WASHINGTON - The fraud investigation of Wall Street money manager Bernard L. Madoff took some unusual twists yesterday as the U.S. attorney general removed himself from the matter, and the Securities and Exchange Commission looked into the relationship between Madoff's niece and a former SEC lawyer who reviewed Madoff's business.

The developments reflect growing criticism that Wall Street and regulators in Washington have grown too close. Madoff himself has boasted of his ties to the SEC.

Also yesterday, Congress jumped into the Madoff scandal. The chairman of the House capital-markets subcommittee, Rep. Paul Kanjorski (D., Pa.), announced an inquiry to begin early in January into what may be the biggest Ponzi scheme of all time and how the government failed to detect it.

In New York, Madoff showed up at the federal courthouse to sign some papers in his case, wearing a baseball cap and walking silently past a reporter who asked whether he had anything to say to his alleged victims. Free on $10 million bail, Madoff now has a curfew and an ankle bracelet to monitor his movements.

U.S. Attorney General Michael B. Mukasey recused himself from the Madoff investigation because his son, Marc, represents Frank DiPascali, a top financial officer at Madoff's investment firm. The Justice Department refused to say when Mukasey became aware of the conflict.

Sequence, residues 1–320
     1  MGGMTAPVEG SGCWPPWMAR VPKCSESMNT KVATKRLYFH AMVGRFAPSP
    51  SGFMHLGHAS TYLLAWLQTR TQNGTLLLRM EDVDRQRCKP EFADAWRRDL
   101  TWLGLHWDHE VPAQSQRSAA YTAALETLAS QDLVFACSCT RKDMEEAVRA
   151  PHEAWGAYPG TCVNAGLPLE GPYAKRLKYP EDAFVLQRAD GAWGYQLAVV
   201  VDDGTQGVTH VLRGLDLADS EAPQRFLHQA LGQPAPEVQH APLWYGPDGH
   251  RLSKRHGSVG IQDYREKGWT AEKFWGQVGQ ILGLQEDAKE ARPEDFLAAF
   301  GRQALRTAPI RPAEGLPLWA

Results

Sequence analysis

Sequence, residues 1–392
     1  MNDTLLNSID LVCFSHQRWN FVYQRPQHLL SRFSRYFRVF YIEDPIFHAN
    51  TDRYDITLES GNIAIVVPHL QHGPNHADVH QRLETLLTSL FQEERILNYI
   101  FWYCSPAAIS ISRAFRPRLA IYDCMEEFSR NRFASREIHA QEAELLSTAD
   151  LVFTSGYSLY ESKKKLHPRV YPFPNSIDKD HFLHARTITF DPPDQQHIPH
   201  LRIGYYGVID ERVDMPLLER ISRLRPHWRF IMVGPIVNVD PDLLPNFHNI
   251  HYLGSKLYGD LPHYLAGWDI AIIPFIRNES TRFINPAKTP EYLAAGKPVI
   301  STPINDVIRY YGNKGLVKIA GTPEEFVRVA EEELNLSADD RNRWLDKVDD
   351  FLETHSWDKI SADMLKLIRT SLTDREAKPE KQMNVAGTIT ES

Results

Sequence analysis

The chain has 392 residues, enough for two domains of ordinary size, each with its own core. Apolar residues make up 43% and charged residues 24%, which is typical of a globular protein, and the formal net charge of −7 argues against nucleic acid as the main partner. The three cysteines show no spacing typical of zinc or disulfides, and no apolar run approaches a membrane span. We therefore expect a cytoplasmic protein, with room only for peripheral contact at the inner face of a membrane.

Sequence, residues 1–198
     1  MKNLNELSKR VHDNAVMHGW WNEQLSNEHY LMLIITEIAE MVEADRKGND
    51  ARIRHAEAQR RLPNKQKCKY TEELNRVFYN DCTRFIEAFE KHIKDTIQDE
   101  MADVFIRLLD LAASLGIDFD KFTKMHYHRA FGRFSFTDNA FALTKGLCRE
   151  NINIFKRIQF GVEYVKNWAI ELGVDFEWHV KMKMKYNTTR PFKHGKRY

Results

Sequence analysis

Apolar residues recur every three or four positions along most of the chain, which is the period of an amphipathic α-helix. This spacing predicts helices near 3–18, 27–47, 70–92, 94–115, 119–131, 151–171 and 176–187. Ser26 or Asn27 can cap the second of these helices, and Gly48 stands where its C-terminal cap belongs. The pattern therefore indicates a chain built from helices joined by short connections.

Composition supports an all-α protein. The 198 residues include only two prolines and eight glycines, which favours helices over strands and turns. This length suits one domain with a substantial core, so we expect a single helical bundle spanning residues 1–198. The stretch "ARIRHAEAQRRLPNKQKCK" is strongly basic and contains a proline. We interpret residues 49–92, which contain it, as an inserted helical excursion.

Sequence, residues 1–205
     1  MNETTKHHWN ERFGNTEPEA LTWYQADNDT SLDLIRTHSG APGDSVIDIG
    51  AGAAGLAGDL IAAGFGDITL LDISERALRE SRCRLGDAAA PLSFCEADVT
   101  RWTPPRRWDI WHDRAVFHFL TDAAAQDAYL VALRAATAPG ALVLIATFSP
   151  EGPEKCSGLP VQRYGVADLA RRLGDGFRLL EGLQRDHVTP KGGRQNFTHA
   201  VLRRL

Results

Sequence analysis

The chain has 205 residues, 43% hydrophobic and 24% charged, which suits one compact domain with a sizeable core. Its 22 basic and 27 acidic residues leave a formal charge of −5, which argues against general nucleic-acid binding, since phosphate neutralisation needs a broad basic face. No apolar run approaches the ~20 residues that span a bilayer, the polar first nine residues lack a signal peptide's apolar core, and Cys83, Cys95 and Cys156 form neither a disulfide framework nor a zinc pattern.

DiPascali was the Madoff employee who had the most day-to-day contact with the firm's investors. Several described him as the man they reached by phone when they had questions about the firm's investment strategy or wanted to add to or subtract money from their accounts.

Credible and specific allegations regarding Madoff's financial wrongdoing going back to at least 1999 were repeatedly brought to the attention of SEC staff, agency chairman Christopher Cox said Tuesday. Cox said he was gravely concerned by the apparent multiple failures over at least a decade to thoroughly investigate the allegations or at any point to seek formal authority from the politically appointed commission to pursue them.

Cox's critics said targeting the staff was Cox's attempt to salvage his own reputation.

SEC Inspector General David Kotz is looking into the agency's failure to uncover the alleged fraud in Madoff's operation. One area Kotz said he would examine was the relationship between a former SEC lawyer, Eric Swanson, and Madoff's niece, Shana, who are now married.

As an SEC lawyer, Swanson helped examine Madoff's securities-brokerage operation in 1999 and 2004. Neither review resulted in any action against Madoff.

Also yesterday, Massachusetts Secretary of State William Galvin's office said Galvin had subpoenaed Madoff's brother, Peter, the chief compliance officer of Madoff's company. Galvin wants the names of the company's Massachusetts investors.